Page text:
Digging into metadata
Many images and documents you find online contain metadata — information added when the file was created or edited. Bellingcat author Melissa Hanham has already covered the use of metadata to support geolocation. Here, we will look at its potential to link websites.
Social media services such as Facebook and Twitter tend to strip out metadata automatically, but this isn’t always so for the rest of the web. Smaller websites and blogs often leave it in.
Two of the best tools I’ve found for viewing metadata are FotoForensics (which only handles photographs) and Jeffrey’s EXIF Viewer< (which also analyses documents, including PDF, Word and OpenOffice.)
There are many types of metadata, but some of the most interesting for our purposes are EXIF, Maker Notes, ICC Profile, Photoshop and XMP.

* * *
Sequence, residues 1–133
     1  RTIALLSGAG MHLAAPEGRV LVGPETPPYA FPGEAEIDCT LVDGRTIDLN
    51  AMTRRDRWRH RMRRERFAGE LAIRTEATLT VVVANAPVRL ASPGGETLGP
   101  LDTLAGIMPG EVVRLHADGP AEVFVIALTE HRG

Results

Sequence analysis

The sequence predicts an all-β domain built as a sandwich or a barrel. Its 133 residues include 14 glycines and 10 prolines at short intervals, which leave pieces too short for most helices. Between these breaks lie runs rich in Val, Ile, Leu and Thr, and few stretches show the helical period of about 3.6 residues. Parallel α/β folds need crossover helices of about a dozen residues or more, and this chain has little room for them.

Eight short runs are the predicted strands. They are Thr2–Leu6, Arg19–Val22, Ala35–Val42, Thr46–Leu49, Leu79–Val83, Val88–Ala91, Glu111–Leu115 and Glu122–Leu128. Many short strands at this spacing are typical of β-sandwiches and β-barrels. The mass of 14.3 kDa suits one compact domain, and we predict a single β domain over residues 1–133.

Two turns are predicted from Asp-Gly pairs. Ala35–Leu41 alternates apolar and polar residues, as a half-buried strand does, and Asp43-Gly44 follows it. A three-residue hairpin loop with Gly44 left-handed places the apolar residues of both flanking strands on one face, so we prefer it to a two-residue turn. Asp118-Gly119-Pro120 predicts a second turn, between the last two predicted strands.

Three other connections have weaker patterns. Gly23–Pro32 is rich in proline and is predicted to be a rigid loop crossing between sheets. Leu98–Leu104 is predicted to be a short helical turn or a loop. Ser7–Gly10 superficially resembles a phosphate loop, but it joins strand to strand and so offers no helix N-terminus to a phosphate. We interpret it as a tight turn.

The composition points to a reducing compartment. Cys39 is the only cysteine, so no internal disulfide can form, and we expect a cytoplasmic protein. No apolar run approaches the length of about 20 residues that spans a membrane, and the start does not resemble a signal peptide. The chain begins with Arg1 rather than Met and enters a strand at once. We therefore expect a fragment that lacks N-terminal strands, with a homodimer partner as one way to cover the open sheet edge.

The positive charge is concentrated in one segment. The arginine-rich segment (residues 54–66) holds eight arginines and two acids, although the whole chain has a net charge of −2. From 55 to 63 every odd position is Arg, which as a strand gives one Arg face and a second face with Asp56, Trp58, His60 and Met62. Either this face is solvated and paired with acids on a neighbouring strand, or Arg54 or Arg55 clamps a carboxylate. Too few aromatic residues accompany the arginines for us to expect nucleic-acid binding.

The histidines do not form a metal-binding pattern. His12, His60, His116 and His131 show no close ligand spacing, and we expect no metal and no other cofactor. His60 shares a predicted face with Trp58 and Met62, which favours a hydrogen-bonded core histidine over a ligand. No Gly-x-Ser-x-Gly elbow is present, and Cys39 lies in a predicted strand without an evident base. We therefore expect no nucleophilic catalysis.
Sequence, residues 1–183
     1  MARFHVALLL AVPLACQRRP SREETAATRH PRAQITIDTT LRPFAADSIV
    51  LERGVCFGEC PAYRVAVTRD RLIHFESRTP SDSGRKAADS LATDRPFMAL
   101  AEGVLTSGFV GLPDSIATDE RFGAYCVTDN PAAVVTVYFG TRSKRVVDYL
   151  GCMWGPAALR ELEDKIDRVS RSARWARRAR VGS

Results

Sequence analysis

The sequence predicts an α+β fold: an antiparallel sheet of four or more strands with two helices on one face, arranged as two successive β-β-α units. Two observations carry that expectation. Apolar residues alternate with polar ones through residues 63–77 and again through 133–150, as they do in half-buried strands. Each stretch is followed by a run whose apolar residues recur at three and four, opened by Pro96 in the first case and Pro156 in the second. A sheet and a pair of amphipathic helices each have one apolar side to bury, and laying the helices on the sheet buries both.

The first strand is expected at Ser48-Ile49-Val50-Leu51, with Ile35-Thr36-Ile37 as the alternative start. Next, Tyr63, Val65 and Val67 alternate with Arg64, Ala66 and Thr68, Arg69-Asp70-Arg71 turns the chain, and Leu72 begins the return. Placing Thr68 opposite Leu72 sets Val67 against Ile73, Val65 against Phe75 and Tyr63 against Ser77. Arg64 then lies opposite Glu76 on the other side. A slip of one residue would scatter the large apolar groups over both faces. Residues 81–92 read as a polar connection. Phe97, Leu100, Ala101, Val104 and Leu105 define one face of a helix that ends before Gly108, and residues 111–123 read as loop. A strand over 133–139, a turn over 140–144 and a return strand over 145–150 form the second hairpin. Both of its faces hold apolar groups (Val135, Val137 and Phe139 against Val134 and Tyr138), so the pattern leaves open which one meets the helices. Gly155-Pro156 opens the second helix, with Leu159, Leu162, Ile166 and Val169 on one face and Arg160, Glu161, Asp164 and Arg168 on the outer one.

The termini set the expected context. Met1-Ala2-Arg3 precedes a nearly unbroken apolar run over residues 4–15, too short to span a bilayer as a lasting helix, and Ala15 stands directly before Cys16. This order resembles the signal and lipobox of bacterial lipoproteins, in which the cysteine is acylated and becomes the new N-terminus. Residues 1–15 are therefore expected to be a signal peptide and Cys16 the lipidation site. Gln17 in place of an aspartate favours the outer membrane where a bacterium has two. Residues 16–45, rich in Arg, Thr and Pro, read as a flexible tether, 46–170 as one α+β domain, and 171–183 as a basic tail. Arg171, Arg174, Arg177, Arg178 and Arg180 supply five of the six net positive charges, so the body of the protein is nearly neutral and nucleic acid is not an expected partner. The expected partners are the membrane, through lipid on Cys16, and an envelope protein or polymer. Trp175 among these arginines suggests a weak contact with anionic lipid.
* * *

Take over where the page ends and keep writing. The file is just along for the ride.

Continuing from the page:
These can contain information such as the exact version of the image editing suite used. For example, the XMP field ‘Creator Tool’ may show “Microsoft Windows Live Photo Gallery 15.4.3555.308”.
‘XMP Toolkit’ often gives similar data, e.g “Adobe XMP Core 5.3-c011 66.145661, 2012/02/06–14:56:27”. The key is to focus on fields containing specific, detailed information. If you’re analysing a photograph, the camera’s model number may be present (for example “KODAK DX4330 DIGITAL CAMERA”).
It’s important to note that millions of people may own the same camera model or Photoshop version, so this data can only be used in support of more concrete connections, such as Google Analytics codes. However, document metadata may contain more identifying details, such as the creator’s username.
Occasionally, photographs will even carry the unique serial number of the camera used. This can then be reverse-searched with tools such as Stolen Camera Finder and Camera Trace to find other photographs taken with the same device.
Preserving web pages